A federal judge who'd ruled health care reform was unconstitutional and that his decision as a federal judge was the equivalent of an injunction has relented. Health care reform can continue in the states, pending appellate and Supreme Court review.
"The sooner this issue is finally decided by the Supreme Court, the better off the entire nation will be," wrote federal judge Roger E. Vinson, who'd decided that the health care reform act's mandate that people buy insurance or face penalties overextended Congress' powers under the commerce clause of the constitution.
One reason for granting a stay, despite his previous clear intent that health care reform cease, includes his statement (on page 18) that:
"Can (or should) I enjoin and halt implementation of the Act in a state where one of its federal courts has held it to be Constitutional? In addition, many of the plaintiff states have publicly represented that they will immediately halt implementation of the Act in light of my declaratory judgment, while at least eight plaintiff states (as identified by the defendants in their motion and reply) have suggested that, in an abundance of caution, they will not stop implementing the Act pending appeal. In addition to these apparent disagreements among the plaintiff states, there is even disagreement within the plaintiff states as to whether the implementation should continue pending appeal. For example, while the plaintiffs (a group that includes the Attorney General of Washington) have requested that I enjoin the defendants from implementing the Act, the Governor of Washington has just filed an amicus brief specifically opposing that request."
The decision gives the Obama administration seven days to file an appeal against his decision, which a U.S. Department of Justice spokesperson said the administration intends to do.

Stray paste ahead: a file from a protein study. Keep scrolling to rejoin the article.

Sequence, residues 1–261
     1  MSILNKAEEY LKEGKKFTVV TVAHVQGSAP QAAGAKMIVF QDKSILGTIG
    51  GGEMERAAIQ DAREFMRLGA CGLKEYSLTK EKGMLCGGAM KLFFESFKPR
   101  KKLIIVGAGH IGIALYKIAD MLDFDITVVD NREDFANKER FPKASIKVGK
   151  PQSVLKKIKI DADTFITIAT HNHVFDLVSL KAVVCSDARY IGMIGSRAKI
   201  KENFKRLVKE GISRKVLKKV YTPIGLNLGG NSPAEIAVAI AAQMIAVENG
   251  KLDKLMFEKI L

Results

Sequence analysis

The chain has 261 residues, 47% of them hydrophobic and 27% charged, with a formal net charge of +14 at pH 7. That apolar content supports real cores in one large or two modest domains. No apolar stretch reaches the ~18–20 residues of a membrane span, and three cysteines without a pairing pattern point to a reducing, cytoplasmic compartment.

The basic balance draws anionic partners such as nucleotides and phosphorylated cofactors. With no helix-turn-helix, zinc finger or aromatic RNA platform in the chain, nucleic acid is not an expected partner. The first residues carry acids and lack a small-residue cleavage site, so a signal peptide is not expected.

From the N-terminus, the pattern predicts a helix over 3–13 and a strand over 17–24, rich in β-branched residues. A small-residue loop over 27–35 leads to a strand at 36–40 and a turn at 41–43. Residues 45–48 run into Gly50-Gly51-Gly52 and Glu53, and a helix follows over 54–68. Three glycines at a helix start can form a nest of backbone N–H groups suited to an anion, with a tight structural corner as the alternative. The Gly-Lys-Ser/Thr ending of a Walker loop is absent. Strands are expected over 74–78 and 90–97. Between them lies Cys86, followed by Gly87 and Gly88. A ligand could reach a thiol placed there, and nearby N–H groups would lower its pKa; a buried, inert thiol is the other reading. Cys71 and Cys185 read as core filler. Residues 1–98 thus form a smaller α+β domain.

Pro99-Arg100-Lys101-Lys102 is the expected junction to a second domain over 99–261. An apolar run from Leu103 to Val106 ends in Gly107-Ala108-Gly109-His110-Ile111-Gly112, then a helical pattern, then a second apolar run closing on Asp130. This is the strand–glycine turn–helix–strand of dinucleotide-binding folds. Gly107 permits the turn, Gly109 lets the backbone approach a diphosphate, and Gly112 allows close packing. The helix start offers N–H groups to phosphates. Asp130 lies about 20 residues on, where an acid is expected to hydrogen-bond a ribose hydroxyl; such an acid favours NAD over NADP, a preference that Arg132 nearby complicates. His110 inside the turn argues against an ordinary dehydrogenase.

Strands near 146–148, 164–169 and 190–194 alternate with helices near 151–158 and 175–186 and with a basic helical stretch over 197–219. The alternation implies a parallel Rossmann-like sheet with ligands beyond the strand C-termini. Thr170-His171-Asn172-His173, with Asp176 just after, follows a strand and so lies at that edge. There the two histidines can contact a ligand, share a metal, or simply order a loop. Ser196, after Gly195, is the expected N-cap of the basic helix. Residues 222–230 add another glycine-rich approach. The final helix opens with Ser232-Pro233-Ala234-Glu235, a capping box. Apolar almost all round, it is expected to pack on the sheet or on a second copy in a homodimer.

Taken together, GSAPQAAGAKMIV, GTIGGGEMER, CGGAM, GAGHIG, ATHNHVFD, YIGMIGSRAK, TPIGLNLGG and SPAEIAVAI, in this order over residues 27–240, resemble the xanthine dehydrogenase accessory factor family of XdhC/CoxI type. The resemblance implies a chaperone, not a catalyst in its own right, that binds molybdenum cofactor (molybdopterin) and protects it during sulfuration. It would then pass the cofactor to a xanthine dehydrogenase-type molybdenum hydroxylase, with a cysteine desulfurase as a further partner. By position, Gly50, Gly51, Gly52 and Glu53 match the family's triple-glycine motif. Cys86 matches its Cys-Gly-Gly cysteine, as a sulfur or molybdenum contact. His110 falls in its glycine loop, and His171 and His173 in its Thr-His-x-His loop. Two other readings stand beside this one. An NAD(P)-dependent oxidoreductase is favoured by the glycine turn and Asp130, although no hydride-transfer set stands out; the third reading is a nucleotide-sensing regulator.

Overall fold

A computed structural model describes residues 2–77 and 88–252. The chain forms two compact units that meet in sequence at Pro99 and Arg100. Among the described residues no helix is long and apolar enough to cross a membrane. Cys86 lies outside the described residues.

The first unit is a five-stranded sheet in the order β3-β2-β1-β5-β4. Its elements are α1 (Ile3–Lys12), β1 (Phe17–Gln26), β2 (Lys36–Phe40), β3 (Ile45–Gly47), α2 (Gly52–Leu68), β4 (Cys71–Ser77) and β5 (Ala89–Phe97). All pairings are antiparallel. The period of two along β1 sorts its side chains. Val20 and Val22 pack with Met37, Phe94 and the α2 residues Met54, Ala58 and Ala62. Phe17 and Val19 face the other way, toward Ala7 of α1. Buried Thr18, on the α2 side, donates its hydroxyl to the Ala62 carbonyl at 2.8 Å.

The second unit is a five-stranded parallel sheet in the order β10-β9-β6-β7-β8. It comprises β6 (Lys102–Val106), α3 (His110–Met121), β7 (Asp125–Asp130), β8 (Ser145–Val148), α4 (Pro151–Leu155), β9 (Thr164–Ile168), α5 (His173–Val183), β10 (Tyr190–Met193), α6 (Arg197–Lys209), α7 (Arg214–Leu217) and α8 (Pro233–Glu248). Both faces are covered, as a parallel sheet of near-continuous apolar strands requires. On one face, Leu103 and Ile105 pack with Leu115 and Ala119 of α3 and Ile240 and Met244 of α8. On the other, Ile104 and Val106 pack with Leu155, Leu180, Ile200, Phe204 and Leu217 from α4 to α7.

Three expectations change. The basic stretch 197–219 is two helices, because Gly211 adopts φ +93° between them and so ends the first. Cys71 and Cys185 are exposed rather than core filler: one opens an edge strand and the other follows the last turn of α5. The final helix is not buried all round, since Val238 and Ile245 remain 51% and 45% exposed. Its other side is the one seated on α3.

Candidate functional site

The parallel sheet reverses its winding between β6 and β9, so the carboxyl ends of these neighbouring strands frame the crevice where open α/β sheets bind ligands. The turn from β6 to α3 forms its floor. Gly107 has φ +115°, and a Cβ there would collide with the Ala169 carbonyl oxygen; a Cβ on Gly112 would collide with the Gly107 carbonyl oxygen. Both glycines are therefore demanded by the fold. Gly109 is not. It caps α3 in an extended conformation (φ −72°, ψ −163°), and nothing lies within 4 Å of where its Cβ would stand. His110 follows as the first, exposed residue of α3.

The entire issue was a bit of game-playing by the different branches of government, explains ABC News. The judge's decision made his intent perfectly clear, yet the administration asked for clarification. The judge's latest decision called out the administration on its request, yet he issued a stay on his own order. Why? Because had the judge stuck to his guns, the administration could have gone to the appellate level and likely received the stay anyway.
It's not just a federal judge who finds the mandate unappealing. A new poll reveals that half of all Americans oppose an individual mandate. Confusingly, however, many people support the rationale behind it.
Only 22 percent support the individual mandate, reported a poll by Harris Interactive/HealthDay poll released March 1. But 71% said they agreed with the statement, "[F]or health insurance to work, it is necessary to include people who are healthy in order to help pay for those who are sick."
And, 56% of Americans agree that if everyone is required to have health insurance, including healthy people, it will make the average cost of insurance less expensive. Another point is that 51% agreed with the idea that requiring insurance companies to provide health insurance to people with preexisting conditions will not work unless everyone is required to have insurance.
It's the constitutionality of it all that gets respondents stuck. Half said the individual mandate was unconstitutional, 20% percent thought it was, and 30% weren't sure. Most felt that the Supreme Court would decide on the issue, but in a politically partisan way.
The poll included 3,419 adults who were surveyed online in February.